Tuesday, December 02, 2008

The Law in the Books Isn't Always the Law

From PrawfsBlawg, a teachable moment about the limitations of traditional legal research, whether print or online:

The Silent Constitutional Crisis?

I recently wrapped up my Con Law II (civil liberties) course here at Georgia. We ended the semester by spending a couple of days discussing the religion in schools cases including Lee v. Weisman (prohibiting clergy-led prayer at public school graduations) and Santa Fe Indep. Sch. Dist. v. Doe (holding that a system providing for student-led prayer at school football games was unconstitutional).

This was my third time teaching this material and each time the classes have ended with a swarm of students meeting me at the podium. Student after student tells me that they went to a public high school (usually in the South) and they had a minister lead a prayer at their graduation or they had a school-sponsored baccalaureate with sermons and prayers. Just as many of them had prayers before school football games. The students are confused. They want to know how their school could do this after the Supreme Court found such actions to be unconstitutional. They often assume that there is some subtle distinction between what their school did and what the Court held violated the Constitution, and they're eager for me to explain. I can think of no other topic where my answers are so direct and unqualified. "That was very likely unconstitutional," I tell them, and your school officials are simply waiting for someone to formally complain or even to sue before changing their ways.

I've found this to be an interesting teaching moment -- one that is not about the Establishment Clause but about the sometimes questionable influence of the Court's words [emphasis added]. When my class read Brown v. Board of Education earlier in the semester, we talked about the ten-year saga that followed before the Court's decision was put into action. The story of the power struggle between the states and the federal government during desegregation is riveting, and we're all familiar with the incredible show of force that was ultimately necessary to maintain the integrity of the Court's role as final interpreter of the Constitution. Today, however, there are repeated acts of defiance quietly going on in public schools all across the country when it comes to these school prayer cases. I'm wondering if there are more examples in other areas of the law where there has been such a broad and sustained rejection of the Court's rulings. It can make you question exactly what it means when the Court declares: "It is so ordered."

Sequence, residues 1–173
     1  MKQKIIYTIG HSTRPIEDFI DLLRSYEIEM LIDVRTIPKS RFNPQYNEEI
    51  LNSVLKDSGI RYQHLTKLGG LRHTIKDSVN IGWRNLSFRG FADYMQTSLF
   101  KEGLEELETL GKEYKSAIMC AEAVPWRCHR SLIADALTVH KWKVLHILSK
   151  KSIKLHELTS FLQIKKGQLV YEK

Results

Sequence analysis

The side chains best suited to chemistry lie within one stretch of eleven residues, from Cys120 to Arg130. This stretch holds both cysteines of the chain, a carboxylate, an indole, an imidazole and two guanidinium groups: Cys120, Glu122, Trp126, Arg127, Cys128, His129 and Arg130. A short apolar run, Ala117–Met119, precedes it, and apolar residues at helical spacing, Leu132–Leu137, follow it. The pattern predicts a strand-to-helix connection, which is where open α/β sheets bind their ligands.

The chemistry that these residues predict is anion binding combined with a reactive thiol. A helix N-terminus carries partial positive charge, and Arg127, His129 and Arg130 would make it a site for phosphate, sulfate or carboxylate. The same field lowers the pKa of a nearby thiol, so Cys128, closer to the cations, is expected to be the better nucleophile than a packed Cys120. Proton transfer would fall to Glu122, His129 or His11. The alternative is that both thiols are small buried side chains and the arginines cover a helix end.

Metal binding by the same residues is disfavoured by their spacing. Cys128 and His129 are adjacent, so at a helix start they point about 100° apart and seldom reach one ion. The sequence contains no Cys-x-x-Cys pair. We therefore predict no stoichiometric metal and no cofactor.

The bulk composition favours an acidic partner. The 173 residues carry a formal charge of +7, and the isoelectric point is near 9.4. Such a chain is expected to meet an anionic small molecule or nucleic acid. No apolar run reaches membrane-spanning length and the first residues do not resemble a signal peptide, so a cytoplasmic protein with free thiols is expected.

Posted by Sonja West on December 2, 2008 at 10:18 AM in Constitutional thoughts | Permalink


Betsy McKenzie said...

Well, it's not the limitations of legal research, so much as the limits of legal realism, isn't it? Or the limits of judicial power, maybe, we should say. What a powerful statement.

Jim & I both moved up to the northeast from the mid-west/edge of the South, and we both have connections deeper south. There are deep cultural differences between regions of our country. Some of this reflects those differences. But I suppose any time the Supreme Court enforces the rights of minority groups against the pressures of large majorities, you will probably see struggles like this. That might be why the Court has not been too eager to push hard over a lot of history. After all, the judicial branch doesn't really have any muscle to enforce it's own orders.

Marie S. Newman said...

Unlike Jim and Betsy, I grew up in the Northeast, specifically in a suburb of Boston. In grade school, the principal led us in saying the Lord's Prayer every day before school began (this was over the P.A. system). After we had prayed, we'd say the Pledge of Allegiance, and then the principal would make any announcements that were pertinent for that day. And then one day, we no longer said the Lord's Prayer. No one ever explained why we stopped saying it. We just stopped, and it didn't seem like a big deal one way or another, at least to me. Even as a fairly young child, however, I had picked up on how uncomfortable the Jewish and Muslim children were during the prayer. They literally didn't know what they were supposed to do. The year that we stopped having public prayer was the same year that we stopped having Christmas pageants with a manger scene, and started putting on holiday pageants with no religious content. Prayer (like religion in general) has the power to divide people as well as to bring them together. As Betsy says, there are deep cultural differences in our country, and one of the deepest has to do with religion.